ASSOCIATES (vol. 10, no. 1, July 2003) -

*Visualizing Cell Processes [Video Series]*
5 x 15 min. Closed-captioned
Programs: Cells and Molecules -- Cell Movement and Transport
-- Photosynthesis and Cellular Respiration -- DNA Replication, Mitosis,
and Cell Reproduction -- The Genetic Code and Its Translation

Designed and produced by BioMEDIA ASSOCIATES
in association with Castle Builders Entertainment, 2000-2001. US$295/series, $60/title

Canadian distributor: Magic Lantern Communications, CDN$565/series, $115/title

Video Review


Sylvia Skene
Library Technician
Advanced Education Media Acquisitions Centre
Langara College
Vancouver, BC, Canada

It's a great series. Buy it if you love science!

What? You want a longer review? More details before you spend your shekels? Well, okay.

I have a confession: before I became a card-carrying library technician, I threw myself at the ivory tower of Science and went splat a few times.

Despite obviously failing to meet the rigors of advanced learning in this field, my familiarity with subject areas that the Humanities-heavy library world lacked has made me surprisingly qualified to judge whether a science video is suitable for post-secondary curricula. Videos that library professionals with Arts majors previewed and deemed worthy I gave a thumb's down on as being only grade 8 or 9 level. Just.

Unfortunately, this has also exposed me to a lot of frustration. Frankly, there ain't a lot of good "stuff" out there even at the introductory post-secondary level. One memorable series had a perky couple hosting the programs -- I called it the "Dick and Jane Say Calculus is FUN!!" series. Yuck. Conversely, I got quite unhealthily excited about a short chemistry video that showed how to do 3 experiments. It was a low-budget, no-nonsense production with well-thought-out visuals and a straightforward script.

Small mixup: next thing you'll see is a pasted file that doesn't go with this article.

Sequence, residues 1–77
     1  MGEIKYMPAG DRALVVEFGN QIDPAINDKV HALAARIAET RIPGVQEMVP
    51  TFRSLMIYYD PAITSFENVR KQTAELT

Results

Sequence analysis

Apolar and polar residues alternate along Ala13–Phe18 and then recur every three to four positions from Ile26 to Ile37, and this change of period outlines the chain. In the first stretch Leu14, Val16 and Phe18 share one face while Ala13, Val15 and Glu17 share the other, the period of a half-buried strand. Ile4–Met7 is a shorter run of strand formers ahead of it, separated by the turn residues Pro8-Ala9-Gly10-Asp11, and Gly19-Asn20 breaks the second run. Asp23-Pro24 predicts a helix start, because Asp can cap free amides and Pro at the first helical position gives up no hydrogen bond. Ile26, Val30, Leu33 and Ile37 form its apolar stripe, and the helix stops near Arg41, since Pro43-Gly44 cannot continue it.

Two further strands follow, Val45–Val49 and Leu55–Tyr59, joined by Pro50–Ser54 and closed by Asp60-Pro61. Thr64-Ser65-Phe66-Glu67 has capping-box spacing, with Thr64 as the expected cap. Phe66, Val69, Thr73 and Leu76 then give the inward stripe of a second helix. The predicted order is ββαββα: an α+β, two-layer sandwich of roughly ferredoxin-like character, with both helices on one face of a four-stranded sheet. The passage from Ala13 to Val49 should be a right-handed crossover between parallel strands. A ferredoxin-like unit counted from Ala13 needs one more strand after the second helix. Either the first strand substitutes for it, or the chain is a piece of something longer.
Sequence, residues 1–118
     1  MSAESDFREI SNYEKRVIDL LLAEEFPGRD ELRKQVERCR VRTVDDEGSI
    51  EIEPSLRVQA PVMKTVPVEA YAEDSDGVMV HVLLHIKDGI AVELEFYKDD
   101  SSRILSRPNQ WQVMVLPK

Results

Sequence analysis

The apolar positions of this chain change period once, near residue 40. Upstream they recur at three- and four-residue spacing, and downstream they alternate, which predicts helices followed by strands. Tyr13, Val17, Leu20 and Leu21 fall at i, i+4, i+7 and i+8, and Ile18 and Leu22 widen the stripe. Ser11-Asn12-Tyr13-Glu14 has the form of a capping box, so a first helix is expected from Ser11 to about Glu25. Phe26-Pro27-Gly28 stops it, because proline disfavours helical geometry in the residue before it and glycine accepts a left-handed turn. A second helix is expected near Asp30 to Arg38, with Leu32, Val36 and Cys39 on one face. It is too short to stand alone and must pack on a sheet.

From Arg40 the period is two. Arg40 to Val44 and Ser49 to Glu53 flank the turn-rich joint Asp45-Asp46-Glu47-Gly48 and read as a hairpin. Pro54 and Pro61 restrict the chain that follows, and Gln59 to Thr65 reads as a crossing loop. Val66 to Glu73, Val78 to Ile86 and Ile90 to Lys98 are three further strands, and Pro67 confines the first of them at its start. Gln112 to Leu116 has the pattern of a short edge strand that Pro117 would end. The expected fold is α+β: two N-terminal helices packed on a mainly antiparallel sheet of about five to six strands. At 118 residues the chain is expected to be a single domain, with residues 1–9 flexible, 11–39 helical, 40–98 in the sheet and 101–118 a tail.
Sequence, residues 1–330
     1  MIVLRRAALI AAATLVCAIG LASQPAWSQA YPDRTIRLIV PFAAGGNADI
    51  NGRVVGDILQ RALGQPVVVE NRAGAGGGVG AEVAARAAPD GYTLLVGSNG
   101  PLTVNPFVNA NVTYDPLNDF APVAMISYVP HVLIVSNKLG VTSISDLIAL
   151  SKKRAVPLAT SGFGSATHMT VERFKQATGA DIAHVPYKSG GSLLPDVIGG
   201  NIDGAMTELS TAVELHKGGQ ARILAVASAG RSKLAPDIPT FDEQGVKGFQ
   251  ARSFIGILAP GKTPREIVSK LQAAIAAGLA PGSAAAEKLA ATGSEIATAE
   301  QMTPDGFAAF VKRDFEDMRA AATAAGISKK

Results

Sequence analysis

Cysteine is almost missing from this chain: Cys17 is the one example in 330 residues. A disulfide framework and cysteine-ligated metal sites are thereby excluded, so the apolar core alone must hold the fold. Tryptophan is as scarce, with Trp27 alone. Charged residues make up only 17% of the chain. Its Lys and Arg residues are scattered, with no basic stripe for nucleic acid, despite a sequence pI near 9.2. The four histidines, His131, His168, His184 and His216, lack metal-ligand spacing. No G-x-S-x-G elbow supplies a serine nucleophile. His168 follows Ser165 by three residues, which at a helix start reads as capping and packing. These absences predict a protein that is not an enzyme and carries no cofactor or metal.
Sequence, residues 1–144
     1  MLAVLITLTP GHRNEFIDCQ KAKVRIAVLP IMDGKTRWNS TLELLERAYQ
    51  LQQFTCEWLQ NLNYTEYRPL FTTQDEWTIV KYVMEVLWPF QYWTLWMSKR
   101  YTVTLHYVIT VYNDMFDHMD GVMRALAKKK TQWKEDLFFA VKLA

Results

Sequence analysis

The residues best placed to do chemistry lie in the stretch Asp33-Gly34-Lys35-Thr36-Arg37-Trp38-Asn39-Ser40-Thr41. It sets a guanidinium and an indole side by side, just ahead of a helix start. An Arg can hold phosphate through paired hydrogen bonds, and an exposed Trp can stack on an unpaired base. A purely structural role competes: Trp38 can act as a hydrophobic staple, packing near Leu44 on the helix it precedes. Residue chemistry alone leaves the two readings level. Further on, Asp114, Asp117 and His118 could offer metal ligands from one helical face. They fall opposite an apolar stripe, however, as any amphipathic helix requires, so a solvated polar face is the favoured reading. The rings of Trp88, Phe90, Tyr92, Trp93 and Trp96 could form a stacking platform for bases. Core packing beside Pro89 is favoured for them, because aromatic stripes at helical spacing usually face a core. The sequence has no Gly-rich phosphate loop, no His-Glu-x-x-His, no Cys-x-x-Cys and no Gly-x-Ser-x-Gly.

Which brings us to the Visualizing Cell Processes series.

Produced by the venerable BioMEDIA Associates company, this series uses live shots, computer animation and microphotography to gracefully illustrate various cell processes, such as DNA replication, exons and introns, and prokaryote evolution.

Each fifteen-minute program is divided into between four and eleven learning modules. According to BioMEDIA's web site, "[t]he content is organized around the National Science Standards for teaching biology to grades 10-12." Each module is narrated by either a male or female voice, and can stand on its own as a teaching supplement.

The script, written by Bruce J. Russell and David Denning, quickly and succinctly goes through each sub-topic. (If this series were used in distributed learning, students would definitely have to keep a finger on the rewind button.) As a former science student, I can appreciate the effort that went into making this production clear, understandable, and yet not so simple that it lacks educational substance.

My only quibble is that the production could have defined its scientific terminology more consistently. But I still got excited about it.

I would certainly highly recommend it to any library which serves senior high school or introductory college or university level science students and instructors.

P.S. See either distributor for more information; BioMEDIA also has Quicktime video clips for preview, and program teaching guides.

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